“Clearly, an urgent solution must be found to enable the voluntary return of all Rohingya, with full respect for their dignity and human rights as full and equal citizens of Myanmar,” he added.
Since the military overthrew the government on Feb. 1, 2021, the political, economic, and humanitarian crises in Burma have only worsened; according to sources, there have been close to 3,000 fatalities, close to 17,000 arrests, and more than 1.5 million displaced people. The continued scorched-earth effort by the dictatorship continues to do harm and take the lives of innocent people, halting discussions about the return of Rohingya, igniting an escalating military conflict inside of Burma, and fostering insecurity outside of its borders.
Bangladesh continues to house them despite being forced to use a significant portion of her meager resources to cover expenditures and mitigate effects on her economy, society, and environment. In this path of providing humanitarian aid to the Rohingya, Bangladesh is joined by numerous European, British, and American countries.
The United States has contributed the most to the Rohingya crisis so far. The United States of America, in particular, has pledged massive assistance to Bangladesh in its efforts to shelter Rohingyas. Since the crisis, the United States has been the single most important country in providing funds for Rohingya refugees. Since 2017, the United States has provided more than $1.9 billion in humanitarian assistance to people in Myanmar, Bangladesh, and other parts of the region. The United States was the largest contributor to the JRP fund in 2022, accounting for 50.1 percent of total funding.
The United States, United Kingdom and Canada, to date, have imposed sanctions on 80 individuals and 32 entities to deprive the regime of the means to perpetuate its violence and to promote the democratic aspirations of Burma’s people.
The United States remains firm in her position that the regime’s planned elections cannot be free or fair, not while the regime has killed, detained, or forced possible contenders to flee, nor while it continues to inflict brutal violence against its peaceful opponents. The United States vows to continue to promote accountability for the military’s atrocities, including through support to the UN’s Independent Investigative Mechanism for Myanmar and other international efforts to protect and support vulnerable populations, including Rohingya.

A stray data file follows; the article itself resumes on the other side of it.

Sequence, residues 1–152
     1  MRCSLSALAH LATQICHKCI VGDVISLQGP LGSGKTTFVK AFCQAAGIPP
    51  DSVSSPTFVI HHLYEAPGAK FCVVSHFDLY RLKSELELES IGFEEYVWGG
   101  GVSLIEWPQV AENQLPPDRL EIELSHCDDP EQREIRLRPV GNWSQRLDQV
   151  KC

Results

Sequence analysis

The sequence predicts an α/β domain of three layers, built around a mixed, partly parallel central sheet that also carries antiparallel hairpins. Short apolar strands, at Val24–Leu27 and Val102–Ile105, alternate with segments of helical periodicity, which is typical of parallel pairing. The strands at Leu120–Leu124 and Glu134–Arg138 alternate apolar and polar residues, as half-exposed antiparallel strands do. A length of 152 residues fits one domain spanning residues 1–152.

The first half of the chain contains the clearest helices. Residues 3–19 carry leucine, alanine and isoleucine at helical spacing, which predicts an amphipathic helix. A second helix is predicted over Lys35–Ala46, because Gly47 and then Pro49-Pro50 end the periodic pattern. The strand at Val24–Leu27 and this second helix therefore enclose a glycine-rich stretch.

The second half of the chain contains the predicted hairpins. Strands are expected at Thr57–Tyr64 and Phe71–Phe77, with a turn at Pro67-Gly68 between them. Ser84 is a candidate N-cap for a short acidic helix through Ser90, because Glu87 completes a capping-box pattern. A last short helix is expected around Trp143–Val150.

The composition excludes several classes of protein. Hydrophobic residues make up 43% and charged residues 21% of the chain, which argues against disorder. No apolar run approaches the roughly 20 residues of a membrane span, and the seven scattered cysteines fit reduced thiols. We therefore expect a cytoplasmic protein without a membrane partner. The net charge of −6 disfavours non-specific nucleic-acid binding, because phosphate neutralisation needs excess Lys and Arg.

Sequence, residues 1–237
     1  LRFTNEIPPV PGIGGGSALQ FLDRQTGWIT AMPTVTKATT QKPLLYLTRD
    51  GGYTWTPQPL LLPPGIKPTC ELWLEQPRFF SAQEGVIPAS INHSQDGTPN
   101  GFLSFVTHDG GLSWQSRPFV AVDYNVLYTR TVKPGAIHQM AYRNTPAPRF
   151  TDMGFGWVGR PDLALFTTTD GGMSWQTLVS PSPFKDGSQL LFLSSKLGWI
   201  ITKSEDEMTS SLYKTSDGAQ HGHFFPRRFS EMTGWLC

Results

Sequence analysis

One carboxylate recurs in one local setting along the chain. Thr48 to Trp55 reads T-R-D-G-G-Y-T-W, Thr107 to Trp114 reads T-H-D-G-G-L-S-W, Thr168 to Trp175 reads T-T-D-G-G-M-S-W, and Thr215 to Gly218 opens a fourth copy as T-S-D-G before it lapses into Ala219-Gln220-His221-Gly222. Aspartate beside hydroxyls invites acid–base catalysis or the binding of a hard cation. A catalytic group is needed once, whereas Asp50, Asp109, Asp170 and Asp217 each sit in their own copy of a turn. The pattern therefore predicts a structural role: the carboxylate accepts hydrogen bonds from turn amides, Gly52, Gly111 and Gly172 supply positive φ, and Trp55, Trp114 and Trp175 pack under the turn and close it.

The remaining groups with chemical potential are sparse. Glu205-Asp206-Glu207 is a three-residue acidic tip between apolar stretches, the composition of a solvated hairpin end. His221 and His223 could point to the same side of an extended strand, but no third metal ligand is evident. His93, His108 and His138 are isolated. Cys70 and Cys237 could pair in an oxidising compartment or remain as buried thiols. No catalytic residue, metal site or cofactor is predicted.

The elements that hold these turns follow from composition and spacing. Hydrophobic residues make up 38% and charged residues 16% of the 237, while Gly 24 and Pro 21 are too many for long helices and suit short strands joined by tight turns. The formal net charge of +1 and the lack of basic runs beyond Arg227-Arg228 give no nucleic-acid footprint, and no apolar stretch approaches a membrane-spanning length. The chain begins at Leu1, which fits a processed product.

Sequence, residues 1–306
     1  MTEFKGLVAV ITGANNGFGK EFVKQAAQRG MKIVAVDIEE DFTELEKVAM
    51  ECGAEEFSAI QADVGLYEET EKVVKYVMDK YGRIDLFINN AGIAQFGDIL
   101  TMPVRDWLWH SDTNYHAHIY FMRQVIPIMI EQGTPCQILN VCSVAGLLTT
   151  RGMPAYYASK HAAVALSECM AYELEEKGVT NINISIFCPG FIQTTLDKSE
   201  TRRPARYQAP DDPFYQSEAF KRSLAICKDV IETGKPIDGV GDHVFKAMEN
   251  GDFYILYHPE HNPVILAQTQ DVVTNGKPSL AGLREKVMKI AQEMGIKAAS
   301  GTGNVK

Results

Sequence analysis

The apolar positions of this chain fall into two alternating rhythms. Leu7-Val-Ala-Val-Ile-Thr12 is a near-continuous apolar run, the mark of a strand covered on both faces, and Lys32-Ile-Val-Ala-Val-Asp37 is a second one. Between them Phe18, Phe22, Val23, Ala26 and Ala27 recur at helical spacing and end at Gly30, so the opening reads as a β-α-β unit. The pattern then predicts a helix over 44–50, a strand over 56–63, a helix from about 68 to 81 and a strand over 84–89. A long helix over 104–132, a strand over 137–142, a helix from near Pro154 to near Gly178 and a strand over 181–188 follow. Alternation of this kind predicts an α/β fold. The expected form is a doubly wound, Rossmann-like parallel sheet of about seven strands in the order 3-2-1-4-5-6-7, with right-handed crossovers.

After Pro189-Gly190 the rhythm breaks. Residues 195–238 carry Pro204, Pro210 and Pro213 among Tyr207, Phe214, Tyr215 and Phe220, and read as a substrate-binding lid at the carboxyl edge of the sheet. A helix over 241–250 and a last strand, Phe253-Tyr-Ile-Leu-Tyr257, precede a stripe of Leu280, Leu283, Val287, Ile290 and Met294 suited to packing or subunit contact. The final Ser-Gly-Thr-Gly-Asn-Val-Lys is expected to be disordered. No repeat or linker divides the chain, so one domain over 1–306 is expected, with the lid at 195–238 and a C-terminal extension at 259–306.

The United States is working with ASEAN, the United Nations (following the recent passage of a UN Security Council Resolution on the situation in Burma), and the international community at large to uphold ASEAN’s Five-Point Consensus, increase diplomatic and economic pressure on the military, and support a peaceful, democratic, and prosperous Burma.
In December 2022, both house of the US legislature has passed a compromise version of the ‘National Defense Authorization Act (NDAA)’, an annual piece of legislation that lays out US defense priorities, serves as a description of US policy towards Myanmar. The fiscal 2023 NDAA includes — US’s support to return to the democratic govt., provide non-military assistance to EAOs and PDFs, funds to support the pro-democracy movement, assist in ethnic reconciliation, protect political prisoners and investigate and document atrocities.
In December of last year, 24 of the selected 62 Rohingyas left Bangladesh for the United States as part of the US government’s resettlement program. According to the US Embassy in Dhaka, US President Biden reaffirmed the US commitment to welcoming refugees by keeping the total admissions target in the Presidential Determination on Refugee Admissions for 2022-23 at 125,000, with a regional allocation of 15,000 for East Asia.
US Secretary of State Antony Blinken, State Department Counsellor Derek Chollet, Assistant Secretary of the US Bureau of Population, Refugees, and Migration, Julieta Valls Noyes and other top diplomats expressed the same ideology as Bangladesh that the ‘root cause of the Rohingya crisis lies in Myanmar’ and that ‘safe and dignified repatriation of Rohingyas to Myanmar’ is the only sustainable solution.
In the quest for a strategic role — India, China, and regional actors have yet to establish a concrete position, despite greater opportunities to extend their strategic presence and establish themselves as regional leaders by engaging in the Rohingya repatriation process and peace talks to end the crisis in Myanmar. Their contributions have been minimal in comparison to what the US has done so far. While the US is strongly supporting Bangladesh on Rohingya issue, unfortunately, China and India’s geopolitical and geo-economic interests in Myanmar leave Bangladesh to manage the Rohingya crisis alone.
Despite increasingly competing aid priorities, the Rohingya crisis should still be core to the international agenda, because nearly 1 million Rohingya genocide survivors still dwell in the darkness,” he said. “With no hopes for safe repatriation and under many restrictions, they are reliant on international aid. They have little or no rights as refugees, and aid cuts will result in severe malnutrition and hunger. The highest cost will be paid by the most vulnerable — women and children.
It would be appreciated if the US administration works with Bangladesh government. It will reflect better mutual understanding between both administrations. The west and well-wishers of the promotors of humanitarian issues can follow the US footprint.